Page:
Transcriptional Analysis of the Escherichia coli mreBCD Genes Responsible for Morphogenesis and Chromosome Segregation
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The <I>Escherichia coli mreB</I> gene encodes an actin-like cytoskeletal protein and is required for rod shape formation of cells and chromosome segregation. Just downstream of <I>mreB</I>, the <I>mreC</I> and <I>mreD</I> genes are located. They are also required for rod shape formation, though their role in chromosome segregation is unclear. <I>lacZ</I> fusion analysis and Northern hybridization showed that the <I>mreB</I>, <I>mreC</I>, and <I>mreD</I> genes formed an operon. Most of the transcripts were expressed as a monocistronic <I>mreB</I> mRNA, and only 1–2% of the transcripts were expressed as a polycistronic <I>mreBCD</I> mRNA. Introduction of a frame-shift mutation in the <I>mreB</I> gene resulted in a significant decrease in the amount of polycistronic <I>mreBCD</I> mRNA but not in that of monocistronic <I>mreB</I> mRNA, suggesting that an attenuation-like regulation was involved in this transcriptional control. Primer extension analysis identified three transcriptional initiation sites. Three possible σ<SUP>D</SUP>-dependent promoter-like sequences were found just upstream of these transcriptional initiation sites. <I>lacZ</I> fusion analysis confirmed that these three promoters contributed to the expression of <I>mreBCD</I>. On the basis of these findings, the essentiality of the <I>mreB</I> gene was confirmed.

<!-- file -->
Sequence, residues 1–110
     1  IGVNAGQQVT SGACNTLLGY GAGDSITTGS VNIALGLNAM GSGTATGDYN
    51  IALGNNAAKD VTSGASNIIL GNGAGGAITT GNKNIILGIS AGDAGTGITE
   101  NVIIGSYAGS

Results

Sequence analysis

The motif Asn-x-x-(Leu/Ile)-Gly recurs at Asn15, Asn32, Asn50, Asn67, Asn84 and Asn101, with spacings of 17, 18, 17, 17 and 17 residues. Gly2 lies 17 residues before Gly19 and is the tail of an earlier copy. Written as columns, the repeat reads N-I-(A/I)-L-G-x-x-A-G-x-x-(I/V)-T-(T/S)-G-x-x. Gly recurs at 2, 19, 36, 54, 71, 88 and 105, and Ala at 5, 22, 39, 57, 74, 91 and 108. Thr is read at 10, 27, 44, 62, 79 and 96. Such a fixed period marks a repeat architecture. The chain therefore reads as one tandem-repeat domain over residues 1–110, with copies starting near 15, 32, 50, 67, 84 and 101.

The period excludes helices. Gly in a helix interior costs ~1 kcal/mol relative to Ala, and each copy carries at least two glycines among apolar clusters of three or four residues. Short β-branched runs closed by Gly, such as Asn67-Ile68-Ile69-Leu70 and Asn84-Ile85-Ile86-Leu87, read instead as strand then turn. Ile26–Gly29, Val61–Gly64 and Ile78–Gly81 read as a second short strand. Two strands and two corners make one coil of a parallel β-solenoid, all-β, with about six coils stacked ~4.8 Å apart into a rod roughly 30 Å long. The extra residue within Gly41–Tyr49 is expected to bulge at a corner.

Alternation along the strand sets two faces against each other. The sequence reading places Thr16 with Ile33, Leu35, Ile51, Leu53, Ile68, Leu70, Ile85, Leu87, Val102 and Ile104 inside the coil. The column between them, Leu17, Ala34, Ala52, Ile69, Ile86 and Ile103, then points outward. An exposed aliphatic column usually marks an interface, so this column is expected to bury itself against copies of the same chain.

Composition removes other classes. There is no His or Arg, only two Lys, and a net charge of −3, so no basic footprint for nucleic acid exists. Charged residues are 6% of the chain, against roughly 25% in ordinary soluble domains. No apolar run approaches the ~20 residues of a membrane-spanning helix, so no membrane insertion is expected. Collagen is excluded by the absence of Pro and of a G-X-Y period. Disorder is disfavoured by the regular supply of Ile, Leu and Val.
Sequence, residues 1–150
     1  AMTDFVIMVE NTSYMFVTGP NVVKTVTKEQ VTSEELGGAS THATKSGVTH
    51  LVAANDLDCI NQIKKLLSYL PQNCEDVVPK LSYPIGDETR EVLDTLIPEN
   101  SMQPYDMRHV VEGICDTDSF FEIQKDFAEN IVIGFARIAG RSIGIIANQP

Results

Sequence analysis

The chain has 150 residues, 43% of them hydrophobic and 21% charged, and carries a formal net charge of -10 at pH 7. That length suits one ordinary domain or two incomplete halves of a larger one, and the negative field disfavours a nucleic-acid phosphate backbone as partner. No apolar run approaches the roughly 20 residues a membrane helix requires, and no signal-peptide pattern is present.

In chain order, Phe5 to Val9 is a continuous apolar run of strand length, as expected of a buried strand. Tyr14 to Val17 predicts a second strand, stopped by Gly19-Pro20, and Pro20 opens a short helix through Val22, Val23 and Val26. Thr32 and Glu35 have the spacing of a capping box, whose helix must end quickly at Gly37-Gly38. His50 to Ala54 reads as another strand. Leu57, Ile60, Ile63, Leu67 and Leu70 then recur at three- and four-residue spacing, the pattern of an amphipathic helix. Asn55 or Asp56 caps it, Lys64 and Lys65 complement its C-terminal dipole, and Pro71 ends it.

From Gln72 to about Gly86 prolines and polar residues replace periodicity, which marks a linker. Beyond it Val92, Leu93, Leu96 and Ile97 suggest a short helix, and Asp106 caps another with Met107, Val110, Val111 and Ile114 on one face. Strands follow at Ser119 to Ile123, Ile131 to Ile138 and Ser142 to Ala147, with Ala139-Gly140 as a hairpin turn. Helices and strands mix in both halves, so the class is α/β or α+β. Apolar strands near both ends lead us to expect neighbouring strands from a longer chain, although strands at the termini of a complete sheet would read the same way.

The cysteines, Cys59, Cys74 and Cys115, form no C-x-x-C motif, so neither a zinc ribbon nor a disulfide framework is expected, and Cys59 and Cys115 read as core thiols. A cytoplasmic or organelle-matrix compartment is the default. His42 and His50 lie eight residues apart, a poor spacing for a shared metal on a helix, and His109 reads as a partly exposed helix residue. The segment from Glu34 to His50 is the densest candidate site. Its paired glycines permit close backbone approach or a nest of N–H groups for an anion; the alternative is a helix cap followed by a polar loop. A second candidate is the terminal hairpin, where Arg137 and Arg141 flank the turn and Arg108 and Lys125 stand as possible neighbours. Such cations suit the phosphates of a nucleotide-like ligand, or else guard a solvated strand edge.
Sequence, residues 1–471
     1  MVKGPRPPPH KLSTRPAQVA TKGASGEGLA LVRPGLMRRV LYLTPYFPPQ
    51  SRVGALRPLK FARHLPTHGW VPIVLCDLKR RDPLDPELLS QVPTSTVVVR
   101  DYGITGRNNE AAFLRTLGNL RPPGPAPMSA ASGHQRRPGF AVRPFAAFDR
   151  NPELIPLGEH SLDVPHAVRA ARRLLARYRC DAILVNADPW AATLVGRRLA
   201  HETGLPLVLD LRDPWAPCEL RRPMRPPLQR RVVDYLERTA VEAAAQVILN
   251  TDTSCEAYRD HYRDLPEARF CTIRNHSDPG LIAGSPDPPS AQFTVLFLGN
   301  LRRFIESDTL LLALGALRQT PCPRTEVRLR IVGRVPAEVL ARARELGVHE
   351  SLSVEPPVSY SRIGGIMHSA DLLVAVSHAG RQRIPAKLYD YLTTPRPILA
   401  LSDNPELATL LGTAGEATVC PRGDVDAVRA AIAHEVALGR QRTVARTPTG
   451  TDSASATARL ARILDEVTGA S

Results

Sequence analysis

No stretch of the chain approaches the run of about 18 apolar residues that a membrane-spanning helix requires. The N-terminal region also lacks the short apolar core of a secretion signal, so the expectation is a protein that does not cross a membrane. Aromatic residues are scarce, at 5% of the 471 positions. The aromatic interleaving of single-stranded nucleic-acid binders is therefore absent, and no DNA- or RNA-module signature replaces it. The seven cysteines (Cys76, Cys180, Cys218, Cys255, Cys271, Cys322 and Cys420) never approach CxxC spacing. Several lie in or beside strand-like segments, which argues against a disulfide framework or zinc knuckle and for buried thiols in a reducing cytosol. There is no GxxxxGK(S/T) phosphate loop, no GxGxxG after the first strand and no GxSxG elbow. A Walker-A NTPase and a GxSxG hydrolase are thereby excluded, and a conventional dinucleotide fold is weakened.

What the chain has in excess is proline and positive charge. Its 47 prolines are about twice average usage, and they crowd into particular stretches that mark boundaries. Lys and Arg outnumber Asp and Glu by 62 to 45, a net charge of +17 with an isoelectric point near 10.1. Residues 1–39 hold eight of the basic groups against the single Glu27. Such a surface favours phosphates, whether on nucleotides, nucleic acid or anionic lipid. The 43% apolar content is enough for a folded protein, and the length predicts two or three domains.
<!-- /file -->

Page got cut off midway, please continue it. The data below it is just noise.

- Agricultural and Biological Chemistry
Agricultural and Biological Chemistry 70(11), 2712-2719, 2006-11-23
Japan Society for Bioscience, Biotechnology, and Agrochemistry